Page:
Leadership dispute[edit]

sIBC and Joseph Pepe[edit]

In 1991 Jensen appointed 12 members to a second International Bahá'í Council (sIBC) modeled on the International Bahá'í Council set up by Shoghi Effendi,[13] and Jensen registered it in 1993 as a non-profit corporation in Montana.[14] He intended for it to evolve into the elected Universal House of Justice with the Guardian as its president. Believing Joseph Pepe was the Guardian, Jensen invited him to be the president of the council, but Pepe steadfastly denied being the Guardian and had no involvement with the group.

Neal Chase[edit]

Joseph Pepe died in 1994, leaving no clear candidate for leadership after Jensen's own death in 1996, and no way to appoint new members to the board. Jensen's schism from the mainstream Bahá'í Faith was based on the belief that the religion required a line of appointed hereditary Guardians, and Jensen's chosen candidate for the role was Pepe, who refused to be involved with Jensen's sect.

After Pepe died in 1994 Jensen began hinting that Neal Chase might be the next Guardian.[15] Years later, justifying his claim to leadership, Neal Chase claimed to have been secretly adopted by Pepe.[6]

In 2001, the long-running dispute about the identity of the Guardian broke the group into schism when Chase claimed the role in 2001.[14] The treasurer of the council responded by declaring Neal Chase a Covenant-breaker, and Chase subsequently claimed that failing to recognize him as the Guardian amounted to Covenant-breaking.[14][16]

The majority members of the sIBC filed a complaint on April 26, 2002, seeking an order granting damages against Chase, including interest and attorney's fees; and an injunction forbidding Chase to represent the council.[14] Chase filed a motion to dismiss on July 15, 2003, arguing that a judicial resolution would require a court to interpret religious doctrine. The motion was granted September 29, 2003.[14] The case was appealed to the Supreme Court of Montana in 2004, and a decision came February 15, 2005,

"Chase argues that the Guardianship, a religious office, vests him with the presidency of the corporation, a secular one, and that it is through holding the latter that he rightfully controls the corporate property. The presidency thus serves in this instance as the temporal nexus between the world of faith, represented by the Guardianship, and the secular world, in which laws define the relationships between persons, corporate or otherwise, and property."

"This dispute revolves around two basic issues: the composition of the Board, and the powers of the presidency in relation to the church property... The District Court has no power either to anoint a successor to any religious office, or to invalidate any claim thereto. If these two issues can be resolved on purely secular grounds, then the District Court can apply corporate, property, and tort law in deciding the merits of the Board’s conversion and other claims against Chase."[14]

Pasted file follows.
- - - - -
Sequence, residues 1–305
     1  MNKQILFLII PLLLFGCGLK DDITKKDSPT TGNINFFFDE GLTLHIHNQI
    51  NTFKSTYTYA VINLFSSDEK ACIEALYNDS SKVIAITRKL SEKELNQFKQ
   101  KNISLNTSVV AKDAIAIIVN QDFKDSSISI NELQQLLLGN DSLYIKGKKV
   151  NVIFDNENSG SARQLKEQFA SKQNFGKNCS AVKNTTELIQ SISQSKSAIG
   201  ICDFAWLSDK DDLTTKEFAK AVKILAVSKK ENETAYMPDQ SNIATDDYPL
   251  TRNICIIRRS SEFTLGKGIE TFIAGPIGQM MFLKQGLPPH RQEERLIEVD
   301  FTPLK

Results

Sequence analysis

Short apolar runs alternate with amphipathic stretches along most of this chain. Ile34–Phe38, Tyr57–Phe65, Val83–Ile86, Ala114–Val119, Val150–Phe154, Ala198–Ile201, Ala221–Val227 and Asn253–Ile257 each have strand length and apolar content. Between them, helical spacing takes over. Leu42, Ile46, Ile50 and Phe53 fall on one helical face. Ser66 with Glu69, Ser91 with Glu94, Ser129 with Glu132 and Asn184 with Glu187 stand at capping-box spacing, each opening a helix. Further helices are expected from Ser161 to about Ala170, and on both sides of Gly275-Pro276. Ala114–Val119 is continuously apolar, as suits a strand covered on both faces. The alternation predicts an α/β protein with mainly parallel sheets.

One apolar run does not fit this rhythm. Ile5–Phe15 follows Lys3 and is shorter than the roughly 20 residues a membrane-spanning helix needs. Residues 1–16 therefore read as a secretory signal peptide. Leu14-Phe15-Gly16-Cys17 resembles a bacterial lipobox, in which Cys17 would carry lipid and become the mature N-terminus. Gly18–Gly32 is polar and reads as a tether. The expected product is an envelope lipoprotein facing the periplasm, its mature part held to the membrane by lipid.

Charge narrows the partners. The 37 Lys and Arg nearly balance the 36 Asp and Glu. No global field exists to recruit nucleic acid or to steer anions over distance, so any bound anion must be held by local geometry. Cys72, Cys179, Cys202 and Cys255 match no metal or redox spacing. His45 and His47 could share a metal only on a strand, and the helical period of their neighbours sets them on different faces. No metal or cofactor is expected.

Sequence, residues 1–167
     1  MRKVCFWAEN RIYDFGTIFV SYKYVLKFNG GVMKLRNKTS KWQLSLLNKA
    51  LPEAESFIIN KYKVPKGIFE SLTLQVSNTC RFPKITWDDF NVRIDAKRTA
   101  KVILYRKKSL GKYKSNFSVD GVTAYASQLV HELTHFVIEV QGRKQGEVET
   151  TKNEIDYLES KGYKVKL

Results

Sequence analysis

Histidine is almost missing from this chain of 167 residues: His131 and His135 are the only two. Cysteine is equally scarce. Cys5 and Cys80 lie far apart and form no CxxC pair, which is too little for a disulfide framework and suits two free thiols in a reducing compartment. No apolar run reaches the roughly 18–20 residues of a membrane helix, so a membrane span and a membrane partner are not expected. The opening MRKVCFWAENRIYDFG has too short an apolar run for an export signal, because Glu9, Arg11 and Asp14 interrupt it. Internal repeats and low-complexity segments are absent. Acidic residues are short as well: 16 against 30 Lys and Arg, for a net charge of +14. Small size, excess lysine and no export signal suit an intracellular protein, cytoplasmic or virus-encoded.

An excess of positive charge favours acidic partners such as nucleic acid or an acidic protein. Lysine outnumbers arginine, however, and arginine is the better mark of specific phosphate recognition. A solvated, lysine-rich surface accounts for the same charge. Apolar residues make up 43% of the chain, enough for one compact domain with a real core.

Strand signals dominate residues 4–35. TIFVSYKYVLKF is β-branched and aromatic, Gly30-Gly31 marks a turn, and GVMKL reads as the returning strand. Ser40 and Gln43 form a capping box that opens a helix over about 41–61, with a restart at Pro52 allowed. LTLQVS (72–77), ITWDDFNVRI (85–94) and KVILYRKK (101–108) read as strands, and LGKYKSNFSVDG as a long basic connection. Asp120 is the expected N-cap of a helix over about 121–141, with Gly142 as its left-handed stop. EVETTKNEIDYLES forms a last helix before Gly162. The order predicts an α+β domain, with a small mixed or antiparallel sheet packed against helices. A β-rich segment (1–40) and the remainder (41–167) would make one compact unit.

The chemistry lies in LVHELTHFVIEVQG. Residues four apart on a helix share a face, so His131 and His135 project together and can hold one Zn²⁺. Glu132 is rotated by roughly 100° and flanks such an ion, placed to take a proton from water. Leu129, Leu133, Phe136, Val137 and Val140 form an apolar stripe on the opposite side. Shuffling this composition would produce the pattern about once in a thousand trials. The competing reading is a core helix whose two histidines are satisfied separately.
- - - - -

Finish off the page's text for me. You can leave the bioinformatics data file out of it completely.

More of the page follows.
The case was remanded to the lower court for further proceedings.[14]

Domain name dispute over[edit]

On February 24, 2005 the National Spiritual Assembly (NSA) of the Bahá'ís of the United States filed a complaint with the World Intellectual Property Organization Arbitration and Mediation Center against Neal Chase for his use of the domain name, which claims to be "The Official website of the Universal House of Justice" - a name for which the NSA has a United States federal trademark registration, issued in 1965.

The case resulted in Chase keeping the domain name on the basis that "uhj" as an acronym is not commonly used in the Bahá'í Faith to refer to the Universal House of Justice. The panel also concluded that the NSA was not attempting a reverse domain name hijacking. All other issues were deemed not necessary to address.[17]

See also[edit]


  1. ^ a b Stone 2000, pp. 269
  2. ^ a b c d e f g Stone 2000, pp. 271
  3. ^ a b Stone 2000, p. 280
  4. ^ Stone 2000, p. 132
  5. ^ Stone 2000, p. 138
  6. ^ a b c Hyslop 2004
  7. ^ Smith 1999, p. 292
  8. ^ The Universal House of Justice, Letter of 6 October 1963, Messages from the Universal House of Justice 1963-1986 p. 14
  9. ^ State v. Jensen, 153 Mont. 233, 455 P.2d 631 (Montana, 1969)[permanent dead link]
  10. ^ Stone 2000, p. 277
  11. ^ Stone 2000, pp. 272
  12. ^ a b Stone 2000, p. 275
  13. ^ Stone 2000, p. 282 note 5
  14. ^ a b c d e f g Opinion/Order, Montana Supreme Court, 2/15/2005 Case No. 04-214. Cases are accessible online at State Law Library of Montana Archived 2009-04-02 at the Wayback Machine..
  15. ^ Stone 2000, p. 282 note 6
  16. ^ Appellant Brief, p. 8, 4/23/2004. Respondent Brief, p. 9, 5/21/2004. Montana Supreme Court, Case No. 04-214. Cases are accessible online at State Law Library of Montana Archived 2009-04-02 at the Wayback Machine..
  17. ^ See WIPO document


  • Hyslop, Scott (2004), Pluralism Project, Harvard University Study of Religion
  • Robins, Tom (1997), Millennium, Messiahs, and Mayhem, New York, New York. 10001: Routledge
  • Smith, P. (1999), A Concise Encyclopedia of the Bahá'í Faith, Oxford, UK: Oneworld Publications, ISBN 1-85168-184-1
  • Stone, Jon R. (ed) (2000), Expecting Armageddon, Essential Readings in Failed Prophecy, New York: Routledge, pp. 269–282, ISBN 0-415-92331-X

Newspaper articles[edit]

External links[edit]

  • The Bahá'ís Under the Provisions of the Covenant